Jack Skunk wasn't the worst-smelling hobo. He wasn't the second-worst-smelling hobo. Jack wasn't even in the top eleven worst-smelling hoboes. Such was the magnitude of the hobo stenches with which he had to compete. And yet, the man had a stink about him. Riot-police-grade, eyeball-melting, gag-inducing fumes emanated from his wiry frame at all times. He had few friends.
Somehow - and no one who knew him was quite sure how - he had a son, about fifteen years his junior. He didn't smell at all. At least, when in the company of his father, the boy didn't seem to have any odor. He was a Skunk, however, and his smelliness was assumed. They called him Jack Skunk Fils.
It is a well-known fact that many, if not most, hoboes embraced their meager and difficult lives as penniless drifters. Some of them, before the hobo wars, even chose to drop out and ride the rails and sleep under the stars. Jack Skunk was not such a hobo. Jack had returned from The Great War after surviving two years in the mud and blood of France, only to find that his job at Walton's Hinge Pin Factory in Evanston, IL was no more. He had held a half-dozen jobs across the Midwest over the following year, before finally losing his home, his wife and his hope, and taking to the rails with three-year old Jack Junior.
By 1931, Skunk and son were expert hoboes, not merely surviving, but thriving along the high steel of the Grand Trunk Railway, the Chicago and Northwestern and the Detroit, Toledo and Ironton. So at home as railroad vagrants were they that the onset of the Great Depression had taken them months to notice. They had gradually realized that there were more hoboes, and that the ones who could stand the elder Jack's stench long enough to converse with them had stories of bread lines and massive unemployment in the cities.
Jack Fils was about twelve years old as 1931 drew to a close, and his father was annoying him. It had become an odd tradition for Jack to annoy his son at the end of each year. Between the hobo Christmas parties to which they were never invited and the hobo New Year's parties to which they were never invited, Jack Senior moved the two of them as far east as he could, working along the Pennsylvania Railroad - sometimes even the Baltimore and Ohio - until December 31st. This New Year's Eve found them in the woods near a Pennsy yard in Wilmington, Delaware.
"Are you happy, Pop? Delaware. I don't think we could get any farther east without taking that miserable short line to Atlantic City - and we'd probably have to walk the last fifty miles." Jack Skunk Fils poked at the campfire as it struggled against a mixture of snow and sleet.
"It'll do, son. It'll do." the old man of 27 years sighed. "You gonna stay up this year, or should I wake you?"
Jack the younger grunted. "Can't I just sleep in? Or better yet - just freeze to death and be done with this stupid life?"
"Don't talk like that, boy. This is the one thing - the one thing - I ask of you each year. I've never made you eat a vegetable - ever. I let you stay up late. You've been drinking hobo beer for two years, already! Stay up with me."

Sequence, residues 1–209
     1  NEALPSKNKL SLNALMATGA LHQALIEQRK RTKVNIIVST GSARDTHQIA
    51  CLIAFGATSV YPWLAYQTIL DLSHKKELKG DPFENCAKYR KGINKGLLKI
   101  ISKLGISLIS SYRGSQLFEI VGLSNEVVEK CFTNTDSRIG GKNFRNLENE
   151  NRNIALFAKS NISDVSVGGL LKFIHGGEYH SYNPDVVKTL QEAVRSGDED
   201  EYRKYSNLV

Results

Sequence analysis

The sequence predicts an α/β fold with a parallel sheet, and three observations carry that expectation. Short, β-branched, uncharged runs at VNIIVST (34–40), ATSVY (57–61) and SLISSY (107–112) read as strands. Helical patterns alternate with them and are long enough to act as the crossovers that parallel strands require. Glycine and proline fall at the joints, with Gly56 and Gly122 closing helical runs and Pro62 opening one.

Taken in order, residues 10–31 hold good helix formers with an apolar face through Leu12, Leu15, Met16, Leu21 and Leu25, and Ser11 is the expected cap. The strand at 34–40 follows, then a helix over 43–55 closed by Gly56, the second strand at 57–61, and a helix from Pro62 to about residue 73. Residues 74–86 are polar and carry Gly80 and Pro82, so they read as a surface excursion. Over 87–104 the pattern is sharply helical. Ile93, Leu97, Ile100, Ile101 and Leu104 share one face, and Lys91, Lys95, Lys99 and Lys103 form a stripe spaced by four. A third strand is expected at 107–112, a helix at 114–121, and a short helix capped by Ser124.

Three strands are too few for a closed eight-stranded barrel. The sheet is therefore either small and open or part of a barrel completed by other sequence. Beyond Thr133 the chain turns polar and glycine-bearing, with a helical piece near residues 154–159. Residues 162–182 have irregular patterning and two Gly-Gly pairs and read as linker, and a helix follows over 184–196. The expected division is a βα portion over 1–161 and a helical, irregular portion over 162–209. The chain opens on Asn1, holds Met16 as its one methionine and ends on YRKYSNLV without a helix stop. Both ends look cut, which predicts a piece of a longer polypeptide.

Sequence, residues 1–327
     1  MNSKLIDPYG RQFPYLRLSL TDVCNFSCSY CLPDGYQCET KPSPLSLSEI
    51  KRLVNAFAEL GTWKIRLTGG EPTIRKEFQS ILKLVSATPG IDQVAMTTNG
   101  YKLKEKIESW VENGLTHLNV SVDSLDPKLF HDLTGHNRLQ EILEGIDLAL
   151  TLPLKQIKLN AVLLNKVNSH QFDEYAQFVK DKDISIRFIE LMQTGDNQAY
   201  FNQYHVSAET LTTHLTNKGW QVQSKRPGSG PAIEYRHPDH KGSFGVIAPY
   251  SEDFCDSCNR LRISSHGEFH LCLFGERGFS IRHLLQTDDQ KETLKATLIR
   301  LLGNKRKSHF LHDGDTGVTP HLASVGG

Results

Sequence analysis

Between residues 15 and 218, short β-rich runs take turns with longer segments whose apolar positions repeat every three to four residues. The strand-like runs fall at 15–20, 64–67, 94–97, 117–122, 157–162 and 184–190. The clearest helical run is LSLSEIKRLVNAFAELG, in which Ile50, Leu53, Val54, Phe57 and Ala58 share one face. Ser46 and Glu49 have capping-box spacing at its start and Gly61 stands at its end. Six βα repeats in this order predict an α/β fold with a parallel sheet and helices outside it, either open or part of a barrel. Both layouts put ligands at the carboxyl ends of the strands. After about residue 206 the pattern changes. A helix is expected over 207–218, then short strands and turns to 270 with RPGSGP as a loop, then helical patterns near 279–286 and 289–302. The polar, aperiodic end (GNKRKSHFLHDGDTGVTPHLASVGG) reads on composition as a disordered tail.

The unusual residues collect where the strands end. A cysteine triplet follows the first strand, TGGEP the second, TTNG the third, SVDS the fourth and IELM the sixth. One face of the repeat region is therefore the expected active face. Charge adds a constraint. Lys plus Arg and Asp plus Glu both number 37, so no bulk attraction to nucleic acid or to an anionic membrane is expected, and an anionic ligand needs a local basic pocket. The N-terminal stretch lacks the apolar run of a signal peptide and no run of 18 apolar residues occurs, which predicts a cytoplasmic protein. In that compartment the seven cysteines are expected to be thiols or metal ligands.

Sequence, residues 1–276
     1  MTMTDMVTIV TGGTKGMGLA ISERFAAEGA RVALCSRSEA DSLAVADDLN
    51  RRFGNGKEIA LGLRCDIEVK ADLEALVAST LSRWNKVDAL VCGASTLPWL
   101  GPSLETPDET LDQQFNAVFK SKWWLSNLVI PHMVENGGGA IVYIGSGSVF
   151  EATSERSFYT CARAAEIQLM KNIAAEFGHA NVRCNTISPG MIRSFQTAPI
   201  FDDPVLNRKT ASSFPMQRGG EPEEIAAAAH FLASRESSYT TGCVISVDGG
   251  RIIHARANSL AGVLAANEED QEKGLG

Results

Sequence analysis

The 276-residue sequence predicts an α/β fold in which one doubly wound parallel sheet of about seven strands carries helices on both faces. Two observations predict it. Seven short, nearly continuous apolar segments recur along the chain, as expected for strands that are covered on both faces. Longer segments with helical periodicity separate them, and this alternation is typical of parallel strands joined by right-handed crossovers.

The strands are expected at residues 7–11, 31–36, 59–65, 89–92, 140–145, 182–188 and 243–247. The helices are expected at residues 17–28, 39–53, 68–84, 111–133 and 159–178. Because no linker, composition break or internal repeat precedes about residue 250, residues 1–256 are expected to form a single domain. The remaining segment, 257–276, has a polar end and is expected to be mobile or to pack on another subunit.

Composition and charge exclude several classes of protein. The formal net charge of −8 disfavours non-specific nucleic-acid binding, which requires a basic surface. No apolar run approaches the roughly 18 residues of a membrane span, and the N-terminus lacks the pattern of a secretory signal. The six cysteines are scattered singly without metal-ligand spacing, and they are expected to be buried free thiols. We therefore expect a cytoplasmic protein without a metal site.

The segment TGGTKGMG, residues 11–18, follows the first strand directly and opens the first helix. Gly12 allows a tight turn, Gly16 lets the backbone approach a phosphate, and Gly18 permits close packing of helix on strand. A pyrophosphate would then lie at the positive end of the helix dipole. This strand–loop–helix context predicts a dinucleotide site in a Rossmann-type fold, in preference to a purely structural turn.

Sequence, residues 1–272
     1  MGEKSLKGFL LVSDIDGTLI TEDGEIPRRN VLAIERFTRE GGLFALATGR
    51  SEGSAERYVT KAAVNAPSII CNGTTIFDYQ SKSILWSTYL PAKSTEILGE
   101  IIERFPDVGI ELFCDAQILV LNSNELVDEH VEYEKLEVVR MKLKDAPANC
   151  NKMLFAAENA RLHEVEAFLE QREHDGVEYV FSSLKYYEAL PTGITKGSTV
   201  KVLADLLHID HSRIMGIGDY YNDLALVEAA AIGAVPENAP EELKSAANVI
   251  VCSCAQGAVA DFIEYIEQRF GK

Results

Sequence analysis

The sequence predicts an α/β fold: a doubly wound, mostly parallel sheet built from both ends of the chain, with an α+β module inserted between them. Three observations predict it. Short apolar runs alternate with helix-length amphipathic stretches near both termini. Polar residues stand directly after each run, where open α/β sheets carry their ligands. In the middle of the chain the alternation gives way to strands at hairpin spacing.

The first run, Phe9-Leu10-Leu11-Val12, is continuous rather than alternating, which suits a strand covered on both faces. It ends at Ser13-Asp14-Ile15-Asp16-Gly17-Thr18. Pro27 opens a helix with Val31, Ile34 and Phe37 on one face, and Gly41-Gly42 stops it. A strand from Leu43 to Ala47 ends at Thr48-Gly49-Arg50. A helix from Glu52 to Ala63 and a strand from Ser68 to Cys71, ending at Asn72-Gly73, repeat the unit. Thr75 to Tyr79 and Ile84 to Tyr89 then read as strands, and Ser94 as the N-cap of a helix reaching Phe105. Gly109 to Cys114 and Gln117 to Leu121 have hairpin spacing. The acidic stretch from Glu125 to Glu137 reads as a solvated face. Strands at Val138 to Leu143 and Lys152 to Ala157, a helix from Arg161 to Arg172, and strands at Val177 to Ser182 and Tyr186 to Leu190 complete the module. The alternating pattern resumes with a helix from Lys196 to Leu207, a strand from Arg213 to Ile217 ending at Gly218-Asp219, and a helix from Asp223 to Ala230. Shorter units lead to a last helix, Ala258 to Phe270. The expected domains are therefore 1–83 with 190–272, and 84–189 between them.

"Come on, Pop. Why? Every year you drag us east on these railroads we don't know. Every year we get our rear ends beaten. We get chased by yard cops. Last year, we got arrested and held for six hours. And for what? So you can freeze us nearly to death all night, trying to stay awake for the 'first light of 1932' or whatever you call it. Why? What's the big deal?"
Jack Skunk shook his head sadly. "Never mind, son. Go to sleep."
Jack Fils happily complied, crawling under their tattered, leaking tent, wrapping himself in shreds of burlap and disintegrating Army blankets and passing out almost immediately. He slept for no more than half-hour stretches for the rest of the night, as the sleet changed to rain and eventually ended. Each time he woke, he peered outside the tent to confirm that his father was, indeed, still clinging tenaciously to consciousness, drinking hobo coffee, slapping himself or just letting the cold rain drench his face.
Eventually, the black sky turned to indigo, then to purple and finally it began to glow. Jack Junior grudgingly joined his old man by the fire and watched the sun creep over the horizon, painting the thinning clouds in blazing pink and orange as it rose. He watched his father, watching the sunrise. He had done this every January 1st for nearly a decade, but had never fully understood it - until now. This year, having been a hobo adult for three years already, he saw it. It was obvious, now. He started the declaration that his pop usually uttered, "We are very likely the first hoboes to see the dawn of 1932..."
Jack Skunk looked at his son for a moment, then smiled at the morning sky. "...Anything is possible," he concluded.
Young Jack was connected now to his strange, annoying father, united in a single emotion. It was in the man's eyes at every New Year's dawn. It was hope, and this was the one moment each year when it dared show itself. The world was born again. There was hope. The hardships and struggle of the road could end, and it could happen in this new year. A job, medicine, food, a home, a stink-free life - it was all possible.
"Anything is possible, Pop," he repeated.